The phrase locavore has been around for almost two decades. It was invented to describe someone who eats locally originated food.
Some years ago, at Telluride Mountainfilm, those providing lunch proudly proclaimed all the ingredients had been sourced from within 100 miles. The spring salad was excellent, but the menu was shy of citrus and sparing of coffee and tea.
Now, in energy, we have a similar movement: a new emphasis and pride on locally originated renewable energy. But, like locally grown food in the San Juans, it’s hard to grow all of your own energy.
Consider Holy Cross Energy, which is seeking to blaze a trail toward 100% renewables by the decade’s end. How will the co-op achieve this? It’s as ambitious a goal as I know of in Colorado or beyond, devoid caveats or asterisks.
The portfolio being created by Holy Cross is a mix of local, mostly solar, and imports, mostly wind. Aside from a few blustery days, mountain valleys are not windy. For that, Holy Cross will secure electricity from turbines 120 miles southeast of Denver, near a town along Interstate 70 called Arriba.
Mountain valleys, though, do have strong solar. There, you see Holy Cross plunging ahead. A milestone will be celebrated on Wednesday with a snipping of ribbon at the 5-megawatt Pitkin County Solar Array. Another project is underway near Glenwood Springs, adjacent to the Colorado Mountain College campus. More solar projects are likely.
A recently completed study by the Carbondale-based Clean Energy Economy for the Region found the solar potential of Eagle, Garfield and Pitkin counties was 25 times greater than what now exists. Much of this potential is in the Xcel Energy service territory downvalley from Glenwood Springs.
For much of the past century, the energy hopes of this area around Rifle were often focused on oil shale development. So far, it has defied success of commercial extraction at scale. The late Randy Udall used to say that pig manure (well, yes, he used a different word) had more energy than kerogen, the substance of oil shale. Anvil Points was long the central focus of oil shale extraction. It’s a fetching image to now imagine solar panels lining the base of those cliffs.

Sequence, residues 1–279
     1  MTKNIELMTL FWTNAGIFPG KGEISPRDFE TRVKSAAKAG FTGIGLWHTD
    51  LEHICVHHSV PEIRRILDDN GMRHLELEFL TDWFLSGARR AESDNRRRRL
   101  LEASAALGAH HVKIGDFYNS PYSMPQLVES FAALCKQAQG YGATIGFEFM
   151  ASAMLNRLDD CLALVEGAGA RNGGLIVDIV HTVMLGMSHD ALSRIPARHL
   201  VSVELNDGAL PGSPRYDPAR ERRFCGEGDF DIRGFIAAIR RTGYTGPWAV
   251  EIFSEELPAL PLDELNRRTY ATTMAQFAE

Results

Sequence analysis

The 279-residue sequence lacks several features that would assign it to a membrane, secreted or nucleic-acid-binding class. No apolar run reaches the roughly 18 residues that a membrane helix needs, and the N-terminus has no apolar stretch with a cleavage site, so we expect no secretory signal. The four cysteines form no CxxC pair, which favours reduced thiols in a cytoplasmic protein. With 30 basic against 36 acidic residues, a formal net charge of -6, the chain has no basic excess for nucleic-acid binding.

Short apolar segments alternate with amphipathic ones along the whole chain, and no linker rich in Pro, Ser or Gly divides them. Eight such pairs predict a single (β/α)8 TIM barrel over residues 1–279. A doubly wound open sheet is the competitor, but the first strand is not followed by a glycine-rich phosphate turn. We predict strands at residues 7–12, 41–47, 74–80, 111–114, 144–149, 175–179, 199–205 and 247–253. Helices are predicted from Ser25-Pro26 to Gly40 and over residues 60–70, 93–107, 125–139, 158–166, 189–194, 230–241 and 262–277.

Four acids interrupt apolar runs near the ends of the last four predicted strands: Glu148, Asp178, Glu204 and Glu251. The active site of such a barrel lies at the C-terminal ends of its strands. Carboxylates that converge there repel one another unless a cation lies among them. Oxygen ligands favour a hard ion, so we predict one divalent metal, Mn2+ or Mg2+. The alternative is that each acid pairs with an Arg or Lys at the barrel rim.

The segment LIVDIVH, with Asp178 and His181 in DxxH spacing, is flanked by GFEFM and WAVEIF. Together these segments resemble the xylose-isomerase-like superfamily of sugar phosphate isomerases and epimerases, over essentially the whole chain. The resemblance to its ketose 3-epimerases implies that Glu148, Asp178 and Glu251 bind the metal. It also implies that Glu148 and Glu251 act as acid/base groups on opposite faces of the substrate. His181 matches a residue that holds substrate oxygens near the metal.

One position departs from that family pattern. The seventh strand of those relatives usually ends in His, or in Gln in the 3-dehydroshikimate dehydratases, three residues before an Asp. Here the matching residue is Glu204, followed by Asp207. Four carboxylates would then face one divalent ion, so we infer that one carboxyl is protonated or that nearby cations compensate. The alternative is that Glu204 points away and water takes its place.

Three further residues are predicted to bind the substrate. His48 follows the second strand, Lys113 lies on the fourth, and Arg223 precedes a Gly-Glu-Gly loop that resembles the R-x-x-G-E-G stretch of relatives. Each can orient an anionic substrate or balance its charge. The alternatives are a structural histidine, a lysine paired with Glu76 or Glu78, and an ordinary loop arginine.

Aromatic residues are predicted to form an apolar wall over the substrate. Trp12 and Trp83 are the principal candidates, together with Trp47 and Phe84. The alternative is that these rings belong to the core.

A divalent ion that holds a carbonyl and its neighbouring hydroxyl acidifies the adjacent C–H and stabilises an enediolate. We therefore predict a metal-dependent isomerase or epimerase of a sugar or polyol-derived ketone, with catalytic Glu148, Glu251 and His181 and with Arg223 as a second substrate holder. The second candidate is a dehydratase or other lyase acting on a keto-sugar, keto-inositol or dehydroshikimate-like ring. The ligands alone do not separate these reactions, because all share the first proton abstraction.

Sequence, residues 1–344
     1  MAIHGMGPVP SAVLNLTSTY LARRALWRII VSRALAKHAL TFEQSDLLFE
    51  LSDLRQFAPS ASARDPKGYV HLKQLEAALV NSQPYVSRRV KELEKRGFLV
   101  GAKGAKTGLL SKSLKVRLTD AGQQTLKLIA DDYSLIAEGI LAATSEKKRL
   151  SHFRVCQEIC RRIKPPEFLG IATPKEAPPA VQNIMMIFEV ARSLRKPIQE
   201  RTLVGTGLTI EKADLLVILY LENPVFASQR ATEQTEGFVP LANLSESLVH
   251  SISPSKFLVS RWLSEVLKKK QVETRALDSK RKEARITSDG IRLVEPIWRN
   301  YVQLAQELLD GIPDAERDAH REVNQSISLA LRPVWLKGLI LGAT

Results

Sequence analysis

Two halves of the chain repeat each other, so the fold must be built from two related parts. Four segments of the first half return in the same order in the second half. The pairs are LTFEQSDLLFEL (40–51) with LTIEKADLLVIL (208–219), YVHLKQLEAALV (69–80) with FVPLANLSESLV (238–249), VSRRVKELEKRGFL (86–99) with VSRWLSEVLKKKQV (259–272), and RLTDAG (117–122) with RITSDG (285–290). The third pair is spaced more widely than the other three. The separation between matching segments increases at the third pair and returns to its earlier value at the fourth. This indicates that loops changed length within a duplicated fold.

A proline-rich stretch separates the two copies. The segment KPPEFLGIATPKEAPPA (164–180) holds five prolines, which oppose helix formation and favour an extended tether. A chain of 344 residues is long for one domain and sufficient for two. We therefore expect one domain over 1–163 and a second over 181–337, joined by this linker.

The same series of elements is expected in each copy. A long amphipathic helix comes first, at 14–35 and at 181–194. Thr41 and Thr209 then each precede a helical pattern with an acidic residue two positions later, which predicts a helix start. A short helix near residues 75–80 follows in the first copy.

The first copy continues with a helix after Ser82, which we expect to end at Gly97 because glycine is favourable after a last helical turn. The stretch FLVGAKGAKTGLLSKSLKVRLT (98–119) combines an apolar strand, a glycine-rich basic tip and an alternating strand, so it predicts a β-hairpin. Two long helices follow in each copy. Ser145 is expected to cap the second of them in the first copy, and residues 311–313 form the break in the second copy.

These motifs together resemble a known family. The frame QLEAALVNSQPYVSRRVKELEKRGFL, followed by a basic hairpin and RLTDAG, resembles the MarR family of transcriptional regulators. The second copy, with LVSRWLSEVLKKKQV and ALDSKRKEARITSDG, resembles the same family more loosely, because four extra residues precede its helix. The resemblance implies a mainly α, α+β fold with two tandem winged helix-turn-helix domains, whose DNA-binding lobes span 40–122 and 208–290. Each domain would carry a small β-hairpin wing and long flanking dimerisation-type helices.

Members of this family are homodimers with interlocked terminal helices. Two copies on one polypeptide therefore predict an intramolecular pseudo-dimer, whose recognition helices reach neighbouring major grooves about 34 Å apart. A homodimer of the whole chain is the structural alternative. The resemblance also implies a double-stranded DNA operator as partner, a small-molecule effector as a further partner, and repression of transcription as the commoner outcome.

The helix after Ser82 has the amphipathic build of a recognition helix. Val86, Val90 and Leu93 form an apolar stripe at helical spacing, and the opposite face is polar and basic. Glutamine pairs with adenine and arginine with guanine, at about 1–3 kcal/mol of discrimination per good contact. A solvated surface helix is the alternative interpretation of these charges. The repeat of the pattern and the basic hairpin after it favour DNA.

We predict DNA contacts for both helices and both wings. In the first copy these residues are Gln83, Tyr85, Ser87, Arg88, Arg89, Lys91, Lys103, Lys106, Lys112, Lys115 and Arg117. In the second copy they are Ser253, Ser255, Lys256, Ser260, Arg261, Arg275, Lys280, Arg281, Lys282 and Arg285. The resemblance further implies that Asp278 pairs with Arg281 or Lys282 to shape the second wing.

This solar-generated electricity isn’t necessarily the cheapest available. Electricity, like corn, can be produced most cheaply at scale and in the best places. The study about solar in the mountain valleys makes the argument that cost alone should not be the sole criterion. It points to future job generation as demand for fossil fuel declines. It also points to another benefit of local generation.
That local benefit is illustrated by the 2018 Lake Christine Fire. Centered in the El Jebel area, the fire nearly severed transmission into Aspen during the Fourth of July weekend. Local generation from the new solar farm in Pitkin County, coupled with batteries, can allow, at least temporarily, continued operation of home refrigerators and oxygen concentrators. The concept here is that of a microgrid: the ability to at least temporarily create self-sufficient islands in our electrical grid.
Colorado together has strong renewable resources. A solar developer of several mammoth projects near Pueblo says the solar resource there ranks eight or nine on a scale of 10. The elevation of the San Luis Valley may make the solar potential there even higher. Wind in southeastern Colorado, at the heart of the Dust Bowl-country ravaged landscape of the 1930s, may be as good as anywhere in the country.
Still, even greater geographic diversification will be needed to achieve the deep, deep integration of renewable generation. Think of Vail Resorts with its corporate strategy. A bad snow year in Colorado? Well, it has properties in New England, and then some in Europe and in Australia.
Most goals for 100% renewables — including those of Holy Cross — are similarly premised on sharing of electricity across broader geographic areas through wholesale market structures. A new Colorado law requires electrical utilities to figure out how to participate in such an organization, called a regional transmission organization, by 2030. It might be a cloudy day in Colorado but not in Arizona. And the wind is always blowing somewhere.
Other Colorado power providers, including the Fort Collins-based Platte River Power Authority and Durango-based La Plata Energy, similarly hope to create a mix of local generation and access to broader markets.
Can local resources be knitted with large-scale resources from elsewhere to meet the 2030 carbon-free goals? Plenty of smart and hard-working people are trying.
Allen Best publishes Big Pivots, an e-journal devoted to energy and other transitions provoked by climate change. See more at BigPivots.com.